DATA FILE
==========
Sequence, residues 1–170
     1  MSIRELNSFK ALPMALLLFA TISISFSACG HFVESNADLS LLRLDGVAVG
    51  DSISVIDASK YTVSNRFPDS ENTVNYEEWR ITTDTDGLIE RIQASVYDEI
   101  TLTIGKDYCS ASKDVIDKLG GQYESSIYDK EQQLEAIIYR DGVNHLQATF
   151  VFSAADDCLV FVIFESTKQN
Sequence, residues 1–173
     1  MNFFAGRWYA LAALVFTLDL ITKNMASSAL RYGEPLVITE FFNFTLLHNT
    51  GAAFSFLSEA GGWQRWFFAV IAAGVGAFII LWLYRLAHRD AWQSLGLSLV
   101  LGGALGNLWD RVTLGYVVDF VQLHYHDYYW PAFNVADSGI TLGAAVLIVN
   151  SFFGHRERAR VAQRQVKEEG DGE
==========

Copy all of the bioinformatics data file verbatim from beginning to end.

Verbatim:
Sequence, residues 1–170
     1  MSIRELNSFK ALPMALLLFA TISISFSACG HFVESNADLS LLRLDGVAVG
    51  DSISVIDASK YTVSNRFPDS ENTVNYEEWR ITTDTDGLIE RIQASVYDEI
   101  TLTIGKDYCS ASKDVIDKLG GQYESSIYDK EQQLEAIIYR DGVNHLQATF
   151  VFSAADDCLV FVIFESTKQN
Sequence, residues 1–173
     1  MNFFAGRWYA LAALVFTLDL ITKNMASSAL RYGEPLVITE FFNFTLLHNT
    51  GAAFSFLSEA GGWQRWFFAV IAAGVGAFII LWLYRLAHRD AWQSLGLSLV
   101  LGGALGNLWD RVTLGYVVDF VQLHYHDYYW PAFNVADSGI TLGAAVLIVN
   151  SFFGHRERAR VAQRQVKEEG DGE